The Atari 8-Bit played host to some great games, many of which drew fairly unashamed inspiration from popular arcade games at the time.
In some cases, these “derivatives” provided an interesting twist on their inspiration’s formula — or in some cases improved upon it. Such is the case with Encounter! by the late Paul Woakes, an enormously talented (and mostly solo) British programmer who developed some of the most technically impressive games of the 8- and 16-bit era.
Encounter! wears its Battlezone inspirations on its sleeve, but it mixes things up with much faster-paced gameplay and a challenging “hyperspace” sequence between stages. Watch me fail at the latter aspect in particular below.
Dandy is another early Atari release that would go on to be extremely influential… even though relatively few people seem to know its name today.
Released through the Atari Program Exchange (or APX), an initiative by Atari that allowed amateur and professional programmers alike the opportunity to get their projects distributed commercially, Dandy by John Howard Palevich turned out to be rather important.
Originally intended as a multiplayer networked adaptation of Dungeons & Dragons before being simplified and refined into the four-player action dungeon crawler it ultimately became, Dandy would be a defining influence on Atari’s later arcade hit Gauntlet… and it’s not hard to see why.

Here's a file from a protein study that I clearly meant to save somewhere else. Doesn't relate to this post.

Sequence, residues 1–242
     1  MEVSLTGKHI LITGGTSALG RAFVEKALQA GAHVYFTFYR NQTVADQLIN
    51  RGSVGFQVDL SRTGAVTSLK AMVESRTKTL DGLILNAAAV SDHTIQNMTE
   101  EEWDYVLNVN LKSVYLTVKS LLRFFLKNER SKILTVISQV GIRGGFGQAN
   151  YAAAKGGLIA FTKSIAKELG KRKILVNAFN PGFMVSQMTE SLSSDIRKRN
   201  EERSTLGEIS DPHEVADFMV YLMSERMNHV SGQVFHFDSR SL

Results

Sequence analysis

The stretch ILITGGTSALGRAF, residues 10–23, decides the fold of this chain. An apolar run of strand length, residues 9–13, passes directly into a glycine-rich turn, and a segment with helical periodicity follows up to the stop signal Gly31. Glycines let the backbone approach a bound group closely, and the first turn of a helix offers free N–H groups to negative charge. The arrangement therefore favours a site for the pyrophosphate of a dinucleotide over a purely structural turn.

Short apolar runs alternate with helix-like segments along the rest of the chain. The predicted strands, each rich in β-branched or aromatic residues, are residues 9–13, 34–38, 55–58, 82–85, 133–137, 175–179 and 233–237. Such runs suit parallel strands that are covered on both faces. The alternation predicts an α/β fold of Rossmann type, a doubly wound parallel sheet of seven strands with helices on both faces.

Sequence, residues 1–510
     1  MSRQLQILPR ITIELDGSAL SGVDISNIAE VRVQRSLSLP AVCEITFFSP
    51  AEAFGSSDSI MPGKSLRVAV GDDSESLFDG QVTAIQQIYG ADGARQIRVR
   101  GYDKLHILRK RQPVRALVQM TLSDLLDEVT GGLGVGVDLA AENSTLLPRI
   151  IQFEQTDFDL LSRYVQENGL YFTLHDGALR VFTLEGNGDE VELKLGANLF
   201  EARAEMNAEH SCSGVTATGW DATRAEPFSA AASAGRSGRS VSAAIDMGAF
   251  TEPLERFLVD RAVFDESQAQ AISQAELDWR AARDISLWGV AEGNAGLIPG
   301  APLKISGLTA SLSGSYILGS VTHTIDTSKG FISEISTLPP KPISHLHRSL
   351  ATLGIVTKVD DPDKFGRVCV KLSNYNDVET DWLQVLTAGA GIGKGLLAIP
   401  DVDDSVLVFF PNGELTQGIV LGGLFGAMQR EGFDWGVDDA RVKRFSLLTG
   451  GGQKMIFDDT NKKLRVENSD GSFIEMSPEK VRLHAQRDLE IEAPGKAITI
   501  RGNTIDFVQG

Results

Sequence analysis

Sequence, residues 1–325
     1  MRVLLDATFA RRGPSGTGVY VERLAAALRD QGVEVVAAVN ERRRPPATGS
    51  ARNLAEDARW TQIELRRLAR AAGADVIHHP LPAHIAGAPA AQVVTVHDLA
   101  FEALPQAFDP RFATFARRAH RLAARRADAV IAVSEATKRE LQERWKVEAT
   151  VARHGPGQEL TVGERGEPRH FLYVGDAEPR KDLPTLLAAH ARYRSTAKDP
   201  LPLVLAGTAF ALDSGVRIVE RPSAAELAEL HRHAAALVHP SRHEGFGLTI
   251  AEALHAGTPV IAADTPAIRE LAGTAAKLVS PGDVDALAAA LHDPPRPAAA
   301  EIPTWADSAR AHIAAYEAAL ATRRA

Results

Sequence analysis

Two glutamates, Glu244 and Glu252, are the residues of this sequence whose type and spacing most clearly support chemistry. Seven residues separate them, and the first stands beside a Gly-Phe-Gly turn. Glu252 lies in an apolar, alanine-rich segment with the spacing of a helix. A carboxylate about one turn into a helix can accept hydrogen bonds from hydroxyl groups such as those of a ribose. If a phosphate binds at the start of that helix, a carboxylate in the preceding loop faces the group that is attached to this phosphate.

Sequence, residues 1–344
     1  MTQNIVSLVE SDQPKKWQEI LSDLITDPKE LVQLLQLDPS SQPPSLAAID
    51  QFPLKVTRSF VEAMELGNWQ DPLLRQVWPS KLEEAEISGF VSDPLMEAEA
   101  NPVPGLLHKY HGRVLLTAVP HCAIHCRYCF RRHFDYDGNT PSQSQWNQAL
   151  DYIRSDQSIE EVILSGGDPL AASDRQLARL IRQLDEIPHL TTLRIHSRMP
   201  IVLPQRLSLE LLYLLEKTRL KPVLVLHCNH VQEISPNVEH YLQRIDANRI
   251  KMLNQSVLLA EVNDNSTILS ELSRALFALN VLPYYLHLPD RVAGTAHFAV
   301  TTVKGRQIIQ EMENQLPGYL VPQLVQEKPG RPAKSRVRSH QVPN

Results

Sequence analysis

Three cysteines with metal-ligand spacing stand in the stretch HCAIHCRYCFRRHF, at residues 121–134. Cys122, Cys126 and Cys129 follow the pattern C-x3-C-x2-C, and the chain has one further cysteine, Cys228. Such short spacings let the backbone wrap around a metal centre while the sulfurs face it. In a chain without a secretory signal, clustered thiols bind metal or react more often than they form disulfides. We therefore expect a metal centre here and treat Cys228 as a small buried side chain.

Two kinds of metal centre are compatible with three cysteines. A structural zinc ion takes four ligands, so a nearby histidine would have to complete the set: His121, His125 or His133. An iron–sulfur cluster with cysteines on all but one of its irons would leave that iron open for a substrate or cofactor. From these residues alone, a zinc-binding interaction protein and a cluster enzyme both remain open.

Caverns of Mars was a very influential game in the development of the vertically scrolling shoot ’em up genre.
First released in 1981 through Atari’s APX (Atari Program Exchange) scheme, where professional and amateur developers alike could submit their work for consideration to be published by Atari, Caverns of Mars became so popular that it was added to the company’s “official” lineup of first-party releases.
The game was essentially a vertically scrolling take on Scramble, with the twist that you had to retrace your steps back up the cavern once you reached the bottom — easier said than done. It spawned a sequel that didn’t get officially released until Antic Software picked it up several years later, renaming it to Mars Mission II, and an APX-released spinoff called Phobos that isn’t nearly as well-known.
Bruce Lee was an interesting game that included elements of the beat ’em up, platform game and action adventure genres, creating an altogether unique experience at the time that is still fondly regarded today.
I have very fond memories of this game, despite not being all that good at it when I was a kid. Rather than it being fast, chaotic action, it actually rewards somewhat strategic play; taking your time getting through the screens is usually your best bet, and defeating the enemies is also a case of waiting for a good opening to attack them rather than flailing wildly.
The game was developed as an Atari 8-Bit title originally before being ported to a number of other platforms, including Commodore 64, ZX Spectrum and MSX. The Atari version is obviously the best, of course, not that I’m biased at all in this regard.
Aztec Challenge is one of the first ever examples of what we now know as the “auto-runner” genre.
First released in 1982 by Cosmi and subsequently rereleased in 1983 with considerably improved graphics, the game sees the player taking on the role of an Aztec warrior (who may or may not be wearing pants) as they attempt to jump over a series of increasingly awkward obstacles.
The game has a reputation for being incredibly unforgiving in terms of its collision detection, but it’s a fondly remembered game for its impressive graphics (in its 1983 incarnation, at least) and addictive challenge.
Hello, dear Atari fans! It’s been a while, and for that I apologise!